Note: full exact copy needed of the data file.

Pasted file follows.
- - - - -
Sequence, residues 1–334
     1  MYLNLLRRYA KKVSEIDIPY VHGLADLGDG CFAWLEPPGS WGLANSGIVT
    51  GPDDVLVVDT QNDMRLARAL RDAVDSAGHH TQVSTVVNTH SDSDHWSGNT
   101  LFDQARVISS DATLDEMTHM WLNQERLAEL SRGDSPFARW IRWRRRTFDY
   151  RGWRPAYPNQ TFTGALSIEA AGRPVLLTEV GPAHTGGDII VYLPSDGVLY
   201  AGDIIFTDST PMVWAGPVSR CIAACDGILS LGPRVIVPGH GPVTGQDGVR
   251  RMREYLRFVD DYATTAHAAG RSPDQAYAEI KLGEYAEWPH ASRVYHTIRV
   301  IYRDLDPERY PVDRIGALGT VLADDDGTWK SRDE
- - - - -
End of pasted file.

Sequence, residues 1–334
     1  MYLNLLRRYA KKVSEIDIPY VHGLADLGDG CFAWLEPPGS WGLANSGIVT
    51  GPDDVLVVDT QNDMRLARAL RDAVDSAGHH TQVSTVVNTH SDSDHWSGNT
   101  LFDQARVISS DATLDEMTHM WLNQERLAEL SRGDSPFARW IRWRRRTFDY
   151  RGWRPAYPNQ TFTGALSIEA AGRPVLLTEV GPAHTGGDII VYLPSDGVLY
   201  AGDIIFTDST PMVWAGPVSR CIAACDGILS LGPRVIVPGH GPVTGQDGVR
   251  RMREYLRFVD DYATTAHAAG RSPDQAYAEI KLGEYAEWPH ASRVYHTIRV
   301  IYRDLDPERY PVDRIGALGT VLADDDGTWK SRDE